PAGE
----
216 - Medical Victoria Cross

Document Sample
216 - Medical Victoria Cross Powered By Docstoc
					  THE MEDICAL VICTORIA CROSSES

ASSISTANT SURGEON CAMPBELL MELLIS DOUGLAS:
BRAVERY AT SEA
PH Starling

Curator, Army Medical Services Museum, Ash Vale



The Andaman Islands consist of four main islands and                 returned on the evening of the 18th and although the crew
numerous smaller ones, situated in the Indian Ocean between          could not put ashore due to the heavy swell, evidence of the
Indian and Thailand; they are now part of India having passed        crew of the Assam Valley, rope and a sailor’s cap, was seen on
to them from Britain on Independence in 1947. In 1867 the            the beach.
main islands Great and Lesser Andaman were covered in dense             It was decided that a further search was necessary and on 6th
luxuriant tropical growth and were inhabited by ‘the lowest          May the steamer Arracan set sail with a party of troops from
kind of savages’.                                                    2/24th Regiment under command of Lieutenant WL Much.
   The British had had an interest in the islands since 1789         Accompanying the infantrymen was the Assistant Surgeon of
when they opened a small settlement named Port Blair after           2/24th, Campbell Mellis Douglas, 7 men of the Naval Brigade
Lieutenant Archibald Blair, sent to survey the islands during the    and 8 Indian Sappers. The Arracan arrived off Lesser Andaman
Indian Mutiny when mutineers were deported there. In 1867            at dawn on 7th May and launched cutters and a gig to try to
the 2nd battalion of 24th Regiment were stationed in Rangoon         land ashore. The surf was rough but Lt Much accompanied by
but kept a detachment of three officers and one hundred men          seven men of the Naval Brigade and five Indian Sappers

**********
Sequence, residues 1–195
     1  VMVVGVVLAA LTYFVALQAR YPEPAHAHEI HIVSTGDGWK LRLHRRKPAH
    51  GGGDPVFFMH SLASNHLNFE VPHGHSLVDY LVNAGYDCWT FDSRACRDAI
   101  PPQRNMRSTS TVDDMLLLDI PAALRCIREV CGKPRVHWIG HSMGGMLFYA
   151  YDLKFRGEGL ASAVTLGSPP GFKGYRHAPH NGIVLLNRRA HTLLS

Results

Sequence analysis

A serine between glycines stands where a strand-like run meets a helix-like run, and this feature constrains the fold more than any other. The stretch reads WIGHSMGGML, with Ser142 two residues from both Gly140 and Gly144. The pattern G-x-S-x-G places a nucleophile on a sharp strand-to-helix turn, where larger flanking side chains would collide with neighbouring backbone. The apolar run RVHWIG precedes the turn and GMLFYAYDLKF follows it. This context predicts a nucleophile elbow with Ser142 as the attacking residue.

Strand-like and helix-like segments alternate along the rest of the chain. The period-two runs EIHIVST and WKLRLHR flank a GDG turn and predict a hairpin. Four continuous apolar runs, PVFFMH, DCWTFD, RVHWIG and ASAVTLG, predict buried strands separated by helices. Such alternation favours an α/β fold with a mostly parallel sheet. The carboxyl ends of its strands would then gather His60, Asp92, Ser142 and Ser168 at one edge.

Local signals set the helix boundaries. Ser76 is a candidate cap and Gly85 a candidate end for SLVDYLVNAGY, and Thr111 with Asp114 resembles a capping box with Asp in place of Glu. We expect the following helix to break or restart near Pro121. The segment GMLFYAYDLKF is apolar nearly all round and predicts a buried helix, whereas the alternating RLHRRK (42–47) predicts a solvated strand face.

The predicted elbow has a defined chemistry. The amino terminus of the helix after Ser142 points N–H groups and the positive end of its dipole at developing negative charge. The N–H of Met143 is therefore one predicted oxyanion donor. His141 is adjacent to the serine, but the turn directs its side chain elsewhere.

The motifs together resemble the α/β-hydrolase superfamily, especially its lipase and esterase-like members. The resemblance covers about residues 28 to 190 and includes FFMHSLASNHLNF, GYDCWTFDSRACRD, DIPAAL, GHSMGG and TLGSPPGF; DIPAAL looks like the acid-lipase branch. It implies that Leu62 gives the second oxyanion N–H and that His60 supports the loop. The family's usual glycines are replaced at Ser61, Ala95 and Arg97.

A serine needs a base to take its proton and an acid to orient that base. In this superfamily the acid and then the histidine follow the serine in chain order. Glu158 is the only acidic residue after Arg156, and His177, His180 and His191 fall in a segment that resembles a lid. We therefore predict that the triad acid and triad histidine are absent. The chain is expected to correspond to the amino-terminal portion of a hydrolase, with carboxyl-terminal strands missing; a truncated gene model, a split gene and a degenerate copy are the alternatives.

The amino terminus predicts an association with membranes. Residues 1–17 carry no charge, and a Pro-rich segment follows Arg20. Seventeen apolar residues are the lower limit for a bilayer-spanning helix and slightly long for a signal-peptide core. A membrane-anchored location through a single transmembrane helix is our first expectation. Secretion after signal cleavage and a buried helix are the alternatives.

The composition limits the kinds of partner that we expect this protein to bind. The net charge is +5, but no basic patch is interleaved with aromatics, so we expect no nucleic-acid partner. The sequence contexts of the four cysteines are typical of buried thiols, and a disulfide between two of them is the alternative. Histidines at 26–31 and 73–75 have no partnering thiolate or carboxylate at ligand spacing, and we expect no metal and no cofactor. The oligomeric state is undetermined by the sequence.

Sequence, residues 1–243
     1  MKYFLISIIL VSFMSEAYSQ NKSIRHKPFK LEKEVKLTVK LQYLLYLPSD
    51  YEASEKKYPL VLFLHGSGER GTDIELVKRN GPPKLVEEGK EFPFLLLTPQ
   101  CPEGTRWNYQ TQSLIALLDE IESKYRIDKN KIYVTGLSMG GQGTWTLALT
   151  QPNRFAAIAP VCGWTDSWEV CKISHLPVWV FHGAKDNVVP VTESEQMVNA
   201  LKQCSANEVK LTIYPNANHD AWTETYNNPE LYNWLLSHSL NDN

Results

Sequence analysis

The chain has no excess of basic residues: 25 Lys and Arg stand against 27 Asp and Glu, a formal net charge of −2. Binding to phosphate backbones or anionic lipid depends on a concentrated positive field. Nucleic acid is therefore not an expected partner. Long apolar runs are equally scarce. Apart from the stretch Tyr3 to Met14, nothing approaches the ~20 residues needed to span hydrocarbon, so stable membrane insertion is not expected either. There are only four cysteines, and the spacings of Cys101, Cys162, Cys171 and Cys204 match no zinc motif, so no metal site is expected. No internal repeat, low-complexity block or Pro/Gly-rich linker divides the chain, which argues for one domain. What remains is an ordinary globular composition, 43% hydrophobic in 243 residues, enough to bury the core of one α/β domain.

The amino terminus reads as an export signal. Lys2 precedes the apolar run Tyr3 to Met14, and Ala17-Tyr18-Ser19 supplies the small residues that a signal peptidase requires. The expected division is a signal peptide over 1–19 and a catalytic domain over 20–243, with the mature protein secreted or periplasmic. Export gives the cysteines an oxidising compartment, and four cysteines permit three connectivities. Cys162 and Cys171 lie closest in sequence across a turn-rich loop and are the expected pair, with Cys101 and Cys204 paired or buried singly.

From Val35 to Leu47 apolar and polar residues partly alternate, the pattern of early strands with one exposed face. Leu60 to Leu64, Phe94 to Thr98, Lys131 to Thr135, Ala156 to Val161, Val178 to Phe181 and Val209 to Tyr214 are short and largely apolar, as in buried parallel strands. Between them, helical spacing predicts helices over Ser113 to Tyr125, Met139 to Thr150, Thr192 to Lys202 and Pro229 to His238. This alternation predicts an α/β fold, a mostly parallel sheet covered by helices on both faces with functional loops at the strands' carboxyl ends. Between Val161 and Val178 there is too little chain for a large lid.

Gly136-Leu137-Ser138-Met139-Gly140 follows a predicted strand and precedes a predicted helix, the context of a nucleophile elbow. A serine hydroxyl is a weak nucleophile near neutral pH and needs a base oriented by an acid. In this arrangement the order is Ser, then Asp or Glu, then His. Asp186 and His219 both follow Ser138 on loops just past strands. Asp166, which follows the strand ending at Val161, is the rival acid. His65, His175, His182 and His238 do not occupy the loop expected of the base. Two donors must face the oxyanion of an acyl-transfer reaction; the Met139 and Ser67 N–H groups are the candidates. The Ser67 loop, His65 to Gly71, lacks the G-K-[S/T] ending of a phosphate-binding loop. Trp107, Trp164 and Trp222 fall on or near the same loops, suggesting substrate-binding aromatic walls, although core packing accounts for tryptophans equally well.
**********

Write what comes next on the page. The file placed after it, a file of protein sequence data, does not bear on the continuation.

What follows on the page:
at Port Blair. This detachment was commanded by Captain WJ           managed to get his boat in close enough to allow the party to
Dakeyne and included some men of the Naval Brigade plus a            jump out into approximately five feet of water. With their rifles
regiment of native infantry. A Superintendent, Major B Ford,         and ammunition above their heads they waded ashore. Lt Much
maintained the authority of British rule.                            then moved his party along the shore in the direction of where
   A ship, Assam Valley was on passage past Andaman when,            they believed the Assam Valley crew had disappeared. After a
having lost its main topsail yard, the Captain decided to put        short distance a skull was found followed by a sailor’s ankle boot
into the southern end of Lesser Andaman and cut a new one.           and a little further on the white painted planking of a boat. Lt
At 1145am on 21st March 1867 Assam Valley launched a boat            Much and his party felt that they were now close to solving the
containing the Captain, WH Manley, the 2nd Officer Edward            mystery.
Madden and the ship’s carpenter, plus five seamen, muskets,             Shortly after, some aborigines were spotted in the jungle but
rope and tools to cut the spar.                                      when approached they fired a volley of arrows at the search
   The remaining ships crew saw them land and drag their boat        party. The natives then appeared to be moving and Lt Much,
up on to the beach and disappear into the tree line. About an        believing that their intent might be to outflank him and finding
hour later the Chief Officer George Bruford, on the Poop deck        himself short of ammunition decided it was time to re-board
of the Assam Valley, spied through his telescope a number of         the boats, so signalled them to come inshore. Since their
natives milling about the boat. Shortly after, the boat was          landing some two hours previously, the surf had increased in
dragged away. It was obvious to Bruford that all was not well.       ferocity and as the first cutter came in towards the shore it was
Where was his Captain and crew? Bruford decided to remain in         upset and all the occupants thrown into the water. The lucky
the vicinity for two further days but with still no sign of the      ones amongst them managed to reach shore but some, too
party he set sail for his planned destination, Akyab, where he       exhausted, drowned despite the efforts of Douglas in trying to
landed on 5th April. At the subsequent enquiry Bruford stated        rescue them, in which he suffered a blow to the head. It was
that he thought it unwise to send a further party ashore, there      obviously too rough to embark and Lt Much moved his party
being no arms left aboard and he felt that there would be            off along the shore in the hope of finding calmer waters.